While closures are powerful, we need to be cautious when using them. Here are three things to remember when your MATLAB code involves closures:

  1. Closures may cause memory leaks. Things get worse when you define a function that returns a function that returns a function that ... Additionally, because the local variables captured in closures are not visible in the global workspace. You cannot not use clear varname to clear them directly, and you may forget to clear them. To clear them, you need to clear the returned function handle (e.g., g and h in the example at the very beginning) associated with their closure.

  2. There is a crucial difference between anonymous functions and nested functions when capturing the local variables:

    • When an anonymous function is created, the immediate values of the referenced local variables will be captured. Hence if any changes to the referenced local variables made after the creation of this anonymous function will not affect this anonymous function.
    • When a nested function is created, the immediate values of the referenced local variables will not be captured. When the nested function is called, it will use the current values of the referenced local variables.

    To get a better understanding, consider the following two functions:

    function [f1, f2] = create_functions_anonymous()
        ii = 1;
        f1 = @(x) x * ii;
        ii = 2;
        f2 = @(x) x * ii;
    function [f1, f2] = create_functions_nested()
        ii = 1;
        function y = function_1(x)
            y = x * ii;
        f1 = @function_1;
        ii = 2;
        function y = function_2(x)
            y = x * ii;
        f2 = @function_2;

    If you run the code below, you will observe the difference.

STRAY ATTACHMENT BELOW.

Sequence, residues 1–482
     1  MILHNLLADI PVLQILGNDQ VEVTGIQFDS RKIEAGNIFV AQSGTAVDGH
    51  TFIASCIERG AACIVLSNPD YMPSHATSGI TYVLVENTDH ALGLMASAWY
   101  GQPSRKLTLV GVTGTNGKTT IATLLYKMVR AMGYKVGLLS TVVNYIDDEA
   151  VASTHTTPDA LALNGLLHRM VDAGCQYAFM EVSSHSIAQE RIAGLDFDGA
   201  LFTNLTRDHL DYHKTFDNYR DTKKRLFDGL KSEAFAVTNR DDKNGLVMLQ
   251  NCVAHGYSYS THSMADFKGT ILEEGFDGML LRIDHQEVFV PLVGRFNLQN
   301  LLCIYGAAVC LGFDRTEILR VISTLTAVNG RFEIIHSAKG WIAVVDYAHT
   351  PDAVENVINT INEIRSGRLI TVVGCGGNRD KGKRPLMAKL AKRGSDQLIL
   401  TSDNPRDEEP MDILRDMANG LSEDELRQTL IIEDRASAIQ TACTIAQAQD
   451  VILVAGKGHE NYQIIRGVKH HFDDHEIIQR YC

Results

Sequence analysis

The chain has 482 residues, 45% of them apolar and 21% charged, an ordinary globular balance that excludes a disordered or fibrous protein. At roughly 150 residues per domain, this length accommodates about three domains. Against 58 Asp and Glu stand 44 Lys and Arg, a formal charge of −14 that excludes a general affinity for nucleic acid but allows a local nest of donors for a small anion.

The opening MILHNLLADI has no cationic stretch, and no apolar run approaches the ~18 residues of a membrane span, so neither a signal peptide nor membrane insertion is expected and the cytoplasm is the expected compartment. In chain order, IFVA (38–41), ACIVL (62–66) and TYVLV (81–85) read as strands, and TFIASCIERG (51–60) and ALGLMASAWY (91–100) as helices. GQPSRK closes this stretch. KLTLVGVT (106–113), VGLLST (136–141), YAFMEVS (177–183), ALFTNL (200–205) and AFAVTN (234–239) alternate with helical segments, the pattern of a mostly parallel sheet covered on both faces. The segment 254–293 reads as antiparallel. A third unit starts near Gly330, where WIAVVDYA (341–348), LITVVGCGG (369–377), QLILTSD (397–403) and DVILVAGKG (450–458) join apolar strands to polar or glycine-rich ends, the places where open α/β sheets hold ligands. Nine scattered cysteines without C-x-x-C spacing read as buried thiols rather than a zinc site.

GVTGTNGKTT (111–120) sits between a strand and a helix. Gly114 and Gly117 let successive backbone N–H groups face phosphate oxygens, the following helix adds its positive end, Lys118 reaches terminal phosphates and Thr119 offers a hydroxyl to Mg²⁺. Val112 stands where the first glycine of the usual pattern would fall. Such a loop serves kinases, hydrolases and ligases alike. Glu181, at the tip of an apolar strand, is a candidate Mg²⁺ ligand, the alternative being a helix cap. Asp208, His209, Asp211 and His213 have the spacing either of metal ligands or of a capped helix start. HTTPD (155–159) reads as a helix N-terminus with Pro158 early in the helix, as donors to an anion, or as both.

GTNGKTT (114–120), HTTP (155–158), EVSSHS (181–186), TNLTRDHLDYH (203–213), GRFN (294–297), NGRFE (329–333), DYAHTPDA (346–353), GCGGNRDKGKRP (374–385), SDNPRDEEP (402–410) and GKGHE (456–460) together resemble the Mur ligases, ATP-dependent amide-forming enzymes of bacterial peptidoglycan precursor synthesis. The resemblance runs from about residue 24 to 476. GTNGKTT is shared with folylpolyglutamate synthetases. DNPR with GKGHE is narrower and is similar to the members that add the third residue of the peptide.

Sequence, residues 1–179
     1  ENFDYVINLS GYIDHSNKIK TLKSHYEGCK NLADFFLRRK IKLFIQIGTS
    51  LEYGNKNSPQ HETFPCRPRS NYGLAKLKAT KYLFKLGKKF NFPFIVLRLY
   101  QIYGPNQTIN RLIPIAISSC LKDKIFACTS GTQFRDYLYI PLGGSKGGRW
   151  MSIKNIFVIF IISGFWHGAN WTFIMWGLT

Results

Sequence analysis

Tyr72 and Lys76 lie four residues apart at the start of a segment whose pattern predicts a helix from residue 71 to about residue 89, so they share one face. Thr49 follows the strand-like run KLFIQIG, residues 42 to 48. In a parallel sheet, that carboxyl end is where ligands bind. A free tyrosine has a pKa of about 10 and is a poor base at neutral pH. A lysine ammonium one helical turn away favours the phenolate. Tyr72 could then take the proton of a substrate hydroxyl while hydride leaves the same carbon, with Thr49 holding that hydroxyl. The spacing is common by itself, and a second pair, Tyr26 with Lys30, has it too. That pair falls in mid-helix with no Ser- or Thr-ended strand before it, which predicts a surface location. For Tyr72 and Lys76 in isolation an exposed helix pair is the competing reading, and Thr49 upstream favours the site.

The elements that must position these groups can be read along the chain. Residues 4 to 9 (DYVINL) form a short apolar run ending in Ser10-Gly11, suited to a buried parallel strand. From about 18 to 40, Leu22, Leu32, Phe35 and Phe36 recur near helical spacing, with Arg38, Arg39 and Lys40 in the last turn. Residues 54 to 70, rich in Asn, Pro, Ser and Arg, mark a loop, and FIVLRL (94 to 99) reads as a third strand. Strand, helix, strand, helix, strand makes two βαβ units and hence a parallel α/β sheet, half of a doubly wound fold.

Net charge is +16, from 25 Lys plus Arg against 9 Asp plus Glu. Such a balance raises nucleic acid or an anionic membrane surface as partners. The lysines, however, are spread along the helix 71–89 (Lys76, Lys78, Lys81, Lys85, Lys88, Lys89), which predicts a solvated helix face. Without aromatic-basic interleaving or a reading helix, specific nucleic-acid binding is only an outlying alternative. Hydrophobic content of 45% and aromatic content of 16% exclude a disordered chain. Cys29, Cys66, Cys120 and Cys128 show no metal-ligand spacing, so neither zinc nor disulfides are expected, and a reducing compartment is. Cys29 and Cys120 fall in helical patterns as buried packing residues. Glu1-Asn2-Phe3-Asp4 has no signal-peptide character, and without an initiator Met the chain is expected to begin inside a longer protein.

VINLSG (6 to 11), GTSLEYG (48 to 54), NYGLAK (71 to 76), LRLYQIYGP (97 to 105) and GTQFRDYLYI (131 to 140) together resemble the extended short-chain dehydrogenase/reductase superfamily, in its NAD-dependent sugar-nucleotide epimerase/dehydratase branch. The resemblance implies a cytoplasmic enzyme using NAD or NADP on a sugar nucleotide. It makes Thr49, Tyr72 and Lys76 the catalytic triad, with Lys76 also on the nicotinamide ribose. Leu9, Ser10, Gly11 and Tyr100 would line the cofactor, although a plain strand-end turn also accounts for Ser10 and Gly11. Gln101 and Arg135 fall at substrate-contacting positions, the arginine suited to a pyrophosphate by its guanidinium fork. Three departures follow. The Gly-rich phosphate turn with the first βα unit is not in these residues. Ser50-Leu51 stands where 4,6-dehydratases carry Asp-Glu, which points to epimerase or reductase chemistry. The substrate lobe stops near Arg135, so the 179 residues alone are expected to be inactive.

[f1, f2] = create_functions_anonymous();
    disp(f1(9)); % 9
    disp(f2(9)); % 18
    [f1, f2] = create_functions_nested();
    disp(f1(9)); % 18
    disp(f2(9)); % 18
  3. When using parfor or similar parallel processing functions, local variables captured in closures will be copied to each worker, instead of being shared among all the workers. This will lead to unexpected results. Consider the following code:

    results = zeros(8, 4);
    ctr = create_counter(); % see the example above on how to create a counter
    parfor ii = 1:8
        for kk = 1:4
            results(ii,kk) = ctr.get_count();

    If you run the above code with 4 MATLAB worker, you will get very confusing results which look like this:

    5     6     7     8
    1     2     3     4
    5     6     7     8
    1     2     3     4
    1     2     3     4
    1     2     3     4
    5     6     7     8
    9    10    11    12

    Actually, you will get difference results each time you run the above code. This occurred because ctr and its closure will be copied to the 4 workers, so each work will have a counter that is independent of the counters possessed by other workers. To make matters worse, there is no guarantee how MATLAB distributes the tasks among the workers. Hence the results will be different each time.


In summary, there are many neat trick you can do with closures in MATLAB, such as defining operators, parameterizing functions, cache local results, mimic object instances, etc. However, you must be careful when using them to avoid memory leaks and unexpected results. If you are interested, you may also check out functional programming.